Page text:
W.G. Sutherland

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A brief history of Sutherland

The work grew from the pioneering insights of William Garner Sutherland. His identity was very much that of an osteopath and his writings are full of references to his teacher A.T. Still, the founder of osteopathy. He started writing about and teaching ‘osteopathy in the cranial field’ from the late 1920s. He died in 1954 at the age of 81. Sutherland’s early descriptions of the ‘primary respiratory mechanism’ defined five phenomena[1]:

  1. The fluctuation of the cerebrospinal fluid – the potency of the tide.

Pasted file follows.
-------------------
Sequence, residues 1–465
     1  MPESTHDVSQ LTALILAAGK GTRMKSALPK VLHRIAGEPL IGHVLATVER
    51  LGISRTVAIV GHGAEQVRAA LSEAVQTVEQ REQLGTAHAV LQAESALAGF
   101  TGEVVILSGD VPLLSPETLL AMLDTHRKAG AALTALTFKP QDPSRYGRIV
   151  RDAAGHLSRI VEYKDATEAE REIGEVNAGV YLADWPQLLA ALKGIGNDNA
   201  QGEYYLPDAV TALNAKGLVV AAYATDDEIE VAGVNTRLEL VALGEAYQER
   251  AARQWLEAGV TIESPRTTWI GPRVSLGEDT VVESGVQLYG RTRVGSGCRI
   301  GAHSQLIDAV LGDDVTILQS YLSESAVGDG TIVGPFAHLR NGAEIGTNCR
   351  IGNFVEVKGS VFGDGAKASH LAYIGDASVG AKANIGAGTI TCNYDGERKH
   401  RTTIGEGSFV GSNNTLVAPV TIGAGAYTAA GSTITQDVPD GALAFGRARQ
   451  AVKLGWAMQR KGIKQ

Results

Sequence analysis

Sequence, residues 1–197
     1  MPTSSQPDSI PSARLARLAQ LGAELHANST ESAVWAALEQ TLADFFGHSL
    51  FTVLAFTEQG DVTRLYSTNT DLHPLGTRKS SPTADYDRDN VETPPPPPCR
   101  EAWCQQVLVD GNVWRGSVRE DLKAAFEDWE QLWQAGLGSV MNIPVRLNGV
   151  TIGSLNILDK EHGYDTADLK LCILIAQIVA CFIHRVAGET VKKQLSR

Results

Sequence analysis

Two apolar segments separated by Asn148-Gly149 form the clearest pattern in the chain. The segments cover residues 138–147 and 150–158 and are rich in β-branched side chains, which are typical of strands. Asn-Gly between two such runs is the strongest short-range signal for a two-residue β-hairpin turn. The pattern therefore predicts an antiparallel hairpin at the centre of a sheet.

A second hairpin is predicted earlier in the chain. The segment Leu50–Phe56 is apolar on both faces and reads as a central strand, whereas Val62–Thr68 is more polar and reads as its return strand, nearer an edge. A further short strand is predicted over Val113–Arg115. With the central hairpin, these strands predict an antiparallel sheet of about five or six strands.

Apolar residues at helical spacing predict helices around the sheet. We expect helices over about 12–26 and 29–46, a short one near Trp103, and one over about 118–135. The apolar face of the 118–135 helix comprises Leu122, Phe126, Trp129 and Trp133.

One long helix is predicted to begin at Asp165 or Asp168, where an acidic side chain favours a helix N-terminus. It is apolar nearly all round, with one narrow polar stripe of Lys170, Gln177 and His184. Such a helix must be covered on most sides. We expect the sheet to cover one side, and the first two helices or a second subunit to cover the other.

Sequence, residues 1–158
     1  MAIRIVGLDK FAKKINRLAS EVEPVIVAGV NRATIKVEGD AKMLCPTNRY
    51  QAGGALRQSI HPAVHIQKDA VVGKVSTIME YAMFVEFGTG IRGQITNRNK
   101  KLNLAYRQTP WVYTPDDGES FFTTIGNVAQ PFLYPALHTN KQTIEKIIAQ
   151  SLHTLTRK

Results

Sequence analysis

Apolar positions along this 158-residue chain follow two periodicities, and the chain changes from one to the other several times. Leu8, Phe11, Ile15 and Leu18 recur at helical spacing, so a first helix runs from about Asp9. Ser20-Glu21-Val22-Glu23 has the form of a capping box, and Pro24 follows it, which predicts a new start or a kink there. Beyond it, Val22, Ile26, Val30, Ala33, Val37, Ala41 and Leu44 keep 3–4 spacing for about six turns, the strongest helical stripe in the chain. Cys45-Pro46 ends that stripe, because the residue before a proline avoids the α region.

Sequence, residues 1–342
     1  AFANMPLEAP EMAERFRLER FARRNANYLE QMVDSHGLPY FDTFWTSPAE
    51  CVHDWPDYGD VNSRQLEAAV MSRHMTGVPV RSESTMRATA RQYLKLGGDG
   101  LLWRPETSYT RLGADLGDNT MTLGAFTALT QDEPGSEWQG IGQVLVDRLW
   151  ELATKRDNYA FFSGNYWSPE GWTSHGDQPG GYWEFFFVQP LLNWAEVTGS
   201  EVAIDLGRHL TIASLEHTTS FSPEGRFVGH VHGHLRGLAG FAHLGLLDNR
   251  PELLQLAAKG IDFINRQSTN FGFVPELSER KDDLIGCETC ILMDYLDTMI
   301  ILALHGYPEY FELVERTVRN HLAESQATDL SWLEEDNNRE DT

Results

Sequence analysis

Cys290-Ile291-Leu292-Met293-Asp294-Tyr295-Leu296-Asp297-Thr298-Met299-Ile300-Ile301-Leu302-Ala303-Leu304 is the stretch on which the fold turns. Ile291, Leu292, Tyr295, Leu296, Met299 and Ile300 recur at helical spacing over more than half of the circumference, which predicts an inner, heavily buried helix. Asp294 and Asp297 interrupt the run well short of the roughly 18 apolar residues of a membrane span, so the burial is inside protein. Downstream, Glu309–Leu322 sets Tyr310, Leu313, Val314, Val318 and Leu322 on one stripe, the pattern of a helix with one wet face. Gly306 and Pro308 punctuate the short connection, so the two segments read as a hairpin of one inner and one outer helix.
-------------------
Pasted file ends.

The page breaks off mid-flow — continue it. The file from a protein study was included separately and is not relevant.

2. The function of the reciprocal tension membrane.
  3. The motility of the neural tube.
  4. The articular mobility of the cranial bones.
  5. The involuntary movement of the sacrum between the ilia.

Towards the end of his life his writing underwent a shift in emphasis to include not just the mechanics and infinitesimal movements of the structures of the body, but also an increasing reverence for the breath of life. It was during the last few years of his life that he began to describe principles such as being a more passive observer and waiting for something to happen rather than just applying techniques, ‘liquid light’, primary respiration as being outside as well as inside the body and the power of stillness.[2]

References

  1. Sutherland, W.G. (1990) Teachings in the Science of Osteopathy. Portland, OR: Rudra Press.
  2. Sutherland, W.G. (1998) Contributions of Thought, 2nd edn. Fort Worth, TX: The Sutherland Cranial Teaching Foundation, Inc.